Mitigating Visible Light and Long Wavelength UVA1-induced Effects with Topical Antioxidants

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Photochemistry and photobiology


The role of topical antioxidants (AOs) on visible light plus ultraviolet A1 (VL+UVA1)-induced skin changes were evaluated. Twenty subjects with skin phototypes (SPTs) I-VI had placebo and concentrations of an AO blend applied to their back (AO 0.5%, 1.0% and 2.0%). Treated and control sites were irradiated with VL+UVA1. Colorimetric and diffuse reflectance spectroscopy (DRS) assessments were performed immediately, 24 h and 7 days after irradiation. Subjects with SPT I-III had erythema that faded within 24 h, while SPT IV-VI had persistent pigmentation. SPT I-III demonstrated significantly less erythema at the 2% AO site while SPT IV-VI demonstrated significantly less immediate pigmentation at 2% AO site and less pigmentation (approaching significance, P = 0.07) on day 7 compared with control. Immunohistochemistry from biopsies of 2% AO and placebo at 24 h did not demonstrate a significant change in COX-2 or MART-1 for any SPT. There was a decrease in cyclin D1 for SPT IV-VI which was approaching significance (P = 0.06) but not for SPT I-III. The results indicate that topical AO inhibits erythema in SPT I-III and reduces pigmentation in SPT IV-VI caused by VL+UVA1. AO may help prevent worsening of pigmentary disorders and should be incorporated into photoprotection.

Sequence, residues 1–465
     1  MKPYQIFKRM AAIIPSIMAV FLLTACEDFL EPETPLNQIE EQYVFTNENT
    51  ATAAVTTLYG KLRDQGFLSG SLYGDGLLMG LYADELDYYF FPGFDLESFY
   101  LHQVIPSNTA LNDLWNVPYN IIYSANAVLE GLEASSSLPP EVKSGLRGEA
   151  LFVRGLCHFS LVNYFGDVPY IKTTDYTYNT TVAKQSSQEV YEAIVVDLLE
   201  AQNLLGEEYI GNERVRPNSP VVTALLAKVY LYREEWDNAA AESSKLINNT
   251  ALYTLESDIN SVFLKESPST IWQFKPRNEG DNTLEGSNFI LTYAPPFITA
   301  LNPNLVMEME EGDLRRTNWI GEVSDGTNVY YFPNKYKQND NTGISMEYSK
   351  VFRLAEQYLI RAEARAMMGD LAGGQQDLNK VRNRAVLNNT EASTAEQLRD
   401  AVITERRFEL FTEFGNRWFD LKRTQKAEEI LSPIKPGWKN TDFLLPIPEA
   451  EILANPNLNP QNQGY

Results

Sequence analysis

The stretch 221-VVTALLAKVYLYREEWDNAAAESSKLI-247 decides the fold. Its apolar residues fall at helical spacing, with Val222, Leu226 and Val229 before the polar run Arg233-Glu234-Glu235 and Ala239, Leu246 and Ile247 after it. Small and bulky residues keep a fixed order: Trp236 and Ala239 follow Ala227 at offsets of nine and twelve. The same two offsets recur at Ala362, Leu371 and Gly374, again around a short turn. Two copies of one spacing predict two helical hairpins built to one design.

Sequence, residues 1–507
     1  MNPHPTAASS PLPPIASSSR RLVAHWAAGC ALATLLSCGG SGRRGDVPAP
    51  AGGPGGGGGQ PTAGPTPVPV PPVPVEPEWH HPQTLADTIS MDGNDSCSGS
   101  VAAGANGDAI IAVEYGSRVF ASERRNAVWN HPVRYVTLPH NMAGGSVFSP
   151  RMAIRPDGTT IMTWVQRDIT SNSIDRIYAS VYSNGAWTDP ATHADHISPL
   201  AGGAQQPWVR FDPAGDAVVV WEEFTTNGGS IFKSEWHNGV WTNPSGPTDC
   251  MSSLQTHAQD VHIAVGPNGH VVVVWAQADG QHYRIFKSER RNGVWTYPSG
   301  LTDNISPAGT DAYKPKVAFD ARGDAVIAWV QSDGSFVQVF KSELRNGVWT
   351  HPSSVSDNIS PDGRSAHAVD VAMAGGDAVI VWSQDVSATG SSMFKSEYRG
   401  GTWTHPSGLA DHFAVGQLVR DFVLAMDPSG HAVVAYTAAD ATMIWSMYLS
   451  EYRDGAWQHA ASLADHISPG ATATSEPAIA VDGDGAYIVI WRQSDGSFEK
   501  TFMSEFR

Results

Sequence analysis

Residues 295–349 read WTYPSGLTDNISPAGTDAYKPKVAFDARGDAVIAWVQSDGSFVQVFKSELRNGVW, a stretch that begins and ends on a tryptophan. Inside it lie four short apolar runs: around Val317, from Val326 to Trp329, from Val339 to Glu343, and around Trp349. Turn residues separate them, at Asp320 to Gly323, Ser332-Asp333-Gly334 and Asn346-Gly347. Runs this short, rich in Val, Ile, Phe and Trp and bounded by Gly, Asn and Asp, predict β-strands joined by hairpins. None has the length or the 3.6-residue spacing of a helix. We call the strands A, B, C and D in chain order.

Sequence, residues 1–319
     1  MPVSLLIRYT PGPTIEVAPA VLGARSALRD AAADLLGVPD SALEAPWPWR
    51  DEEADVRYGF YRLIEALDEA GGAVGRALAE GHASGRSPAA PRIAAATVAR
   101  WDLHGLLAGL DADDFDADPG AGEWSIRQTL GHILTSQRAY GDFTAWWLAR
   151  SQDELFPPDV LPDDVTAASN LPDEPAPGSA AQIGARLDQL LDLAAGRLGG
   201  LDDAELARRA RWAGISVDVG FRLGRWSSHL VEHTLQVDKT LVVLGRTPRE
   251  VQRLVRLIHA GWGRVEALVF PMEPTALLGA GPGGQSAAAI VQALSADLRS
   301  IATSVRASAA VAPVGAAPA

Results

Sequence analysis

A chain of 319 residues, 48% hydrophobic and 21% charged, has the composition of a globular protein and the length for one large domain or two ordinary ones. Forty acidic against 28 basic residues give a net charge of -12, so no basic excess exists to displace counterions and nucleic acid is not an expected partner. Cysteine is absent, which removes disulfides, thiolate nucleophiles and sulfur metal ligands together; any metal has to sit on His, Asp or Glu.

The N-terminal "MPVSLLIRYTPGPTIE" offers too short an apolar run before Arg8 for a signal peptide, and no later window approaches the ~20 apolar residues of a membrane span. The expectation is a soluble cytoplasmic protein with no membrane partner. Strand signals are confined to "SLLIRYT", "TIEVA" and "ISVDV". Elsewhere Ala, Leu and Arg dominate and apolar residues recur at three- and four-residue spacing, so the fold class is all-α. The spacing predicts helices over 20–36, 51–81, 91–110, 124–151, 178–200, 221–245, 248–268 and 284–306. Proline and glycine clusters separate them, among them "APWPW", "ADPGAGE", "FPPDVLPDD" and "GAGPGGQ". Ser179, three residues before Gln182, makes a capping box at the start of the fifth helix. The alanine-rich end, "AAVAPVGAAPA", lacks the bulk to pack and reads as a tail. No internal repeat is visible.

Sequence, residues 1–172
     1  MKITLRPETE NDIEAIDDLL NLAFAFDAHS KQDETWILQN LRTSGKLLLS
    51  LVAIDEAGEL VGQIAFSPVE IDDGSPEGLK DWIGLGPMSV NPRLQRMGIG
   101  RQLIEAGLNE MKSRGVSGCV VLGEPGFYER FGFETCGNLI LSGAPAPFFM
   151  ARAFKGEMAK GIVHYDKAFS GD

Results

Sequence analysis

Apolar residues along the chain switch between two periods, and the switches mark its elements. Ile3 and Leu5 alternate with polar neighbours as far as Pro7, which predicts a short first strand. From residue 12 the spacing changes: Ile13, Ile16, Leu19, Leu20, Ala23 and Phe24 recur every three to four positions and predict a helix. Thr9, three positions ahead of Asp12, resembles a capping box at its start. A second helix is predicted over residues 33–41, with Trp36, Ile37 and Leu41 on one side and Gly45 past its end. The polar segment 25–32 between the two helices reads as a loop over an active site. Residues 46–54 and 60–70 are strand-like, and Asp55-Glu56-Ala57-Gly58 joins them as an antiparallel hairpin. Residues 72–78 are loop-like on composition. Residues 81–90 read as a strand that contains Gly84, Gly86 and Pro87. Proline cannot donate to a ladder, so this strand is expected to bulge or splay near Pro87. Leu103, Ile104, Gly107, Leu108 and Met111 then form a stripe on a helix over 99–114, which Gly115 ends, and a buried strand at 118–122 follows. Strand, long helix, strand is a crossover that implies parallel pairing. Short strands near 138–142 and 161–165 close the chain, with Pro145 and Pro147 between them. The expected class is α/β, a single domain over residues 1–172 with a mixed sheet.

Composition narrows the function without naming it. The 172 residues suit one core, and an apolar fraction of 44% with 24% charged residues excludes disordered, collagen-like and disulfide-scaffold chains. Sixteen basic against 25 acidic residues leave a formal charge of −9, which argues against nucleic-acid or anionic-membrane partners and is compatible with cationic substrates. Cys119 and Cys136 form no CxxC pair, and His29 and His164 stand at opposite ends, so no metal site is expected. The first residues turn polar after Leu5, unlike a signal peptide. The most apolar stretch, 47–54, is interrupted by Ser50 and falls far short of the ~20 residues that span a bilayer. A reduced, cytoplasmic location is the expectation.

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ePub ahead of print